Posts Tagged ‘Some Answered Questions’
Posted by Sen on July 14, 2012
One of the participants on the Facebook group Bahais United in Diversity wrote:
I’m afraid I have to point out that Abdu’l-Baha contradicts himself [in the proof of the existence of God, in the first chapter of Some Answered Questions]… First he suggests that “Nature has neither intelligence nor perception.” So God must exist. Then he says that “man is the branch; nature is the root,” and asks “can the will and the intelligence, and the perfections which exist in the branch, be absent in the root?”
So the will and the intelligence and the perception are in nature after all… and God becomes unnecessary to explain order in nature and the emergence of human life.
It’s a sharp observation, but the problem lies in the translation rather than in Abdu’l-Baha’s reasoning. Read the rest of this entry »
Posted in Bahai Writings, Theology, Translations | Tagged: Abdu'l-Baha, Bahai Faith, bahai theology, Some Answered Questions, مفاوضات, بهائی, عبدالبهاء | 6 Comments »
Posted by Sen on September 15, 2009
Abdu’l-Baha and his critics
You can ‘prove’ just about anything, by pulling words out of context. A few years ago there was an example of this tactic on a web site opposing the Bahai teachings, called ‘Answering Bahaullah.’ One page there purported to show examples of racism in Bahai scripture. That site is no longer functioning, although the web archive has a copy, but the material from that page is being recycled by various bloggers and has been reproduced in the ‘Bahai Combat Kit’ at page 73 (image later in this entry).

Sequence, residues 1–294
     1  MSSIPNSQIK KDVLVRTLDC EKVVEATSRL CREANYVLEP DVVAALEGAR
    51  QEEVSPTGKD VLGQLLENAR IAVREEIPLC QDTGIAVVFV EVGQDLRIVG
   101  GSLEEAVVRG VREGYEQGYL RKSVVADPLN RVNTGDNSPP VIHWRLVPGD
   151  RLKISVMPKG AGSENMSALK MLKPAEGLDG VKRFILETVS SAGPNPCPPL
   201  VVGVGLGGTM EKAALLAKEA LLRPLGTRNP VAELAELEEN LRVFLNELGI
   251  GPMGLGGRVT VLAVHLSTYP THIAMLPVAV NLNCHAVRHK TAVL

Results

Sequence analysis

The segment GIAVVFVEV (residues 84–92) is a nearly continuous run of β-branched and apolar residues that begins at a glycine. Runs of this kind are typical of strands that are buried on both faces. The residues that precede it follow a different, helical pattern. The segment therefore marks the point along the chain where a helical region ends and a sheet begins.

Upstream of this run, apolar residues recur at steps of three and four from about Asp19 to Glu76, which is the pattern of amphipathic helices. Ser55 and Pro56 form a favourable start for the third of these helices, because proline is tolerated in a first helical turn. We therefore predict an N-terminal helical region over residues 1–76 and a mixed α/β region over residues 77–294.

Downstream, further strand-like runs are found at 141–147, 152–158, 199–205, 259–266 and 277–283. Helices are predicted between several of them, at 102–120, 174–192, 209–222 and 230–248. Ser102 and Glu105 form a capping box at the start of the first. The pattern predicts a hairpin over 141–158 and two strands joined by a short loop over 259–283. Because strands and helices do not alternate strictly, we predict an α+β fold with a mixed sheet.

So let’s look at these “proofs” of racism in the Bahai scriptures. But first let’s look at Abdu’l-Baha. Read the rest of this entry »
Posted in Bahai Writings, Defence of the Faith, Translations | Tagged: Abdu'l-Baha, Africa, Africans, Bahai Combat Kit, Contextual reading, Convention for Race Amity, Louis Gregory, NAACP, racism, Rousseau, Some Answered Questions, state of nature, بهائی, بهائیت, عبدالبهاء | 4 Comments »
Posted by Sen on February 6, 2009
Amended April 3, 2011
The Bahai community has a tendency to get carried away with its enthusiasms for prophecies that supposedly give an insight into the immediate future. I’ve discussed one of these in Century’s end, about the expectation that “unity of nations” would be achieved by the year 2000. The story this time goes back to the beginning of the 20th century, when the Bahais were waiting for cataclysms to strike in 1917, followed by a world at peace in which “all nations shall be as one faith.”
Read the rest of this entry »
Posted in Community, Defence of the Faith, Theology | Tagged: 1335 days, 1917, Abdu'l-Baha, Alma Knobloch, Armageddon, Baha’u'llah and the New Era, Bahai Faith, Bahai prophecies, Barstow Collection, Corinne True, Daniel 12:11, Daniel 12:12, EG Browne, Esselmont, failed prophecy, Fanny Knobloch, Fred Mortensen, George Latimer, Hotel Sacramento, Howard MacNutt, Jean Masson, Kheiralla, Most Great Peace, North Shore Review, pilgrim's notes, qarn, Quran 3:4, Randall, San Francisco Bulletin, Shoghi Effendi, Some Answered Questions, source criticism, Stanford University, Star of the West, textual criticism, World War I, بهائی, بهائیت, شوقی افندی, عبدالبهاء | 9 Comments »
Posted by Sen on January 25, 2009
I was in the bazaar of Shiraz one morning early, just after sunrise in April. The sound of a sermon drew me off the main route through the bazaar: the mullah’s voice rising and falling in beautiful rhythmical Persian.
I followed the sound and came into a courtyard with shops on two floors around, and in the middle a garden with some orange trees. It appeared to be a former madrasah converted into shops. In one corner sat the mullah on a chair, rocking back and forth and gesturing left and right in time with the rhythms of the language, all built up of pairs of synonym phrases. Either he had it entirely memorised, or this was highly polished extempore art like rapping.